Three indigenous sisters in the barren Altiplano of northern Chile confront their increasing isolation in Sebastian Sepulveda’s starkly handsome debut, “The Quispe Girls.” Based on a true story from 1974, when the claws of Gen. Pinochet’s dictatorship were being felt even in the remotest parts of the country, the pic plays on the intimacy of the sisters in contrast to the monumentality of the landscape, crushing them in its immense solitude. Given the current flourishing of Chilean cinema, and the reps of producers Pablo and Juan de Dios Larrain, “Quispe” should find welcoming slots in fests worldwide.
Life on the enormous mountain plateau of northern Chile has always been harsh, though native communities had settlements and made a living as shepherds. As part of Pinochet’s bid for absolute rule, he ordered police to confiscate flocks, forcing the population to move to more controllable areas. This is the background (the politics are slowly and subtly introduced, so prior knowledge isn’t necessary), as the Quispe sisters, indigenous Coya women ages 35 and over, notice that neighboring families are increasingly abandoning their homes.
Their eldest sister recently died, leaving them without her guiding intelligence and practicality. Now Justa (Digna Quispe, a niece of the real women) is the oldest, yet she lacks her late sister’s vital decision-making skills and has lately become diffident. Lucia (Catalina Saavedra, “The Maid”) is the middle sister, angry and argumentative, painfully aware she’s beyond an age for pretty things or marriage. The youngest sibling, Luciana (Francisca Gavilan), yearns to be appreciated as a woman, and to find a husband.
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The sisters’ increasing isolation is becoming apparent, with stories swirling about of families selling their livestock and moving. Lucia won’t entertain such an idea, since the last time she went to town she felt laughed at by people scornfully looking at her as a bumpkin. Soon she learns that Justa knows rumors of police killing the animals and relocating the population, and the three sisters are faced with the end of their lifestyle, with no one to turn to for guidance.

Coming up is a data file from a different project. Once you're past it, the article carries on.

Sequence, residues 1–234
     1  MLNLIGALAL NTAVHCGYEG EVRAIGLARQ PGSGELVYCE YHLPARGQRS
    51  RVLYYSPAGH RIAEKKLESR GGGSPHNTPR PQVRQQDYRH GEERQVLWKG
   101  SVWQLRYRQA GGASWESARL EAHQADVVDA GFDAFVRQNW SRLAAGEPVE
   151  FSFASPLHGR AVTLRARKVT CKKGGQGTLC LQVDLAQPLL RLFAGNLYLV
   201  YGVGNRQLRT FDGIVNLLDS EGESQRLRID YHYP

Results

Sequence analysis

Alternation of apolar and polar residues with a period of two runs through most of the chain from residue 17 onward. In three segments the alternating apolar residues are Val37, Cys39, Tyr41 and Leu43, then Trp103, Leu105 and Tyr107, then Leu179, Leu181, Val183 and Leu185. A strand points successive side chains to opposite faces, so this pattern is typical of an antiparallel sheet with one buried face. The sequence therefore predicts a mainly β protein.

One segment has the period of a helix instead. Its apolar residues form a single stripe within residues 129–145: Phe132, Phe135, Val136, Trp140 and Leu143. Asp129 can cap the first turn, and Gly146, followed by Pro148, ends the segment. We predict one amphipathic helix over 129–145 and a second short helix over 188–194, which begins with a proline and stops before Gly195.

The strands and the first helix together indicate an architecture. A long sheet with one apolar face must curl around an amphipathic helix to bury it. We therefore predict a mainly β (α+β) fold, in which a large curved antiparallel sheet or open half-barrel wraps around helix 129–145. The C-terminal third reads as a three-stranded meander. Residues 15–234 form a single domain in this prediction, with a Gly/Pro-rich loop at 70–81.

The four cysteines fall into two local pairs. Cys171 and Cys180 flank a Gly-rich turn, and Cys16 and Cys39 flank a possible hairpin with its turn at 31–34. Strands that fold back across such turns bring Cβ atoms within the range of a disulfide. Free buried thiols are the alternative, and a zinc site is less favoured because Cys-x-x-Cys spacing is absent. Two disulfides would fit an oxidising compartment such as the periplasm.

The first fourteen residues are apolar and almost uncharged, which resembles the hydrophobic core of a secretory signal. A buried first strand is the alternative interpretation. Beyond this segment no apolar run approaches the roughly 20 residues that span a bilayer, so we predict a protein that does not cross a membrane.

Sepulveda mines rich yet understated emotion out of the contrast between the sisters’ small living quarters and the vast colorless expanses around them that offer familiar succor as well as frightening emptiness. The harsh landscape nurtures them, yet there’s no one left to buy their cheese, and they become increasingly concerned that police will come and kill their goats and sheep. Unsurprisingly, their enforced togetherness creates additional tension, with differences in personalities becoming increasingly apparent. The yearning for sexual companionship is a particularly interesting angle, though the helmer pushes things perhaps a bit too much toward the end.
Saavedra is too one-note, her unmitigated dejection requiring some modulation, but Gavilan is fine and non-pro Quispe makes a deep impression, her grounded body and immovable face as much a part of the physical and emotional topography as the rocks and twigs. Intimate shots within the sisters’ “ruca,” or hut, are edited alongside scenes of the Altiplano, highlighting the sisters’ dependence yet also their sense of being crushed by mounting loneliness. Excellent sound design, capturing the constant wind, furthers the feeling of limitless desolation.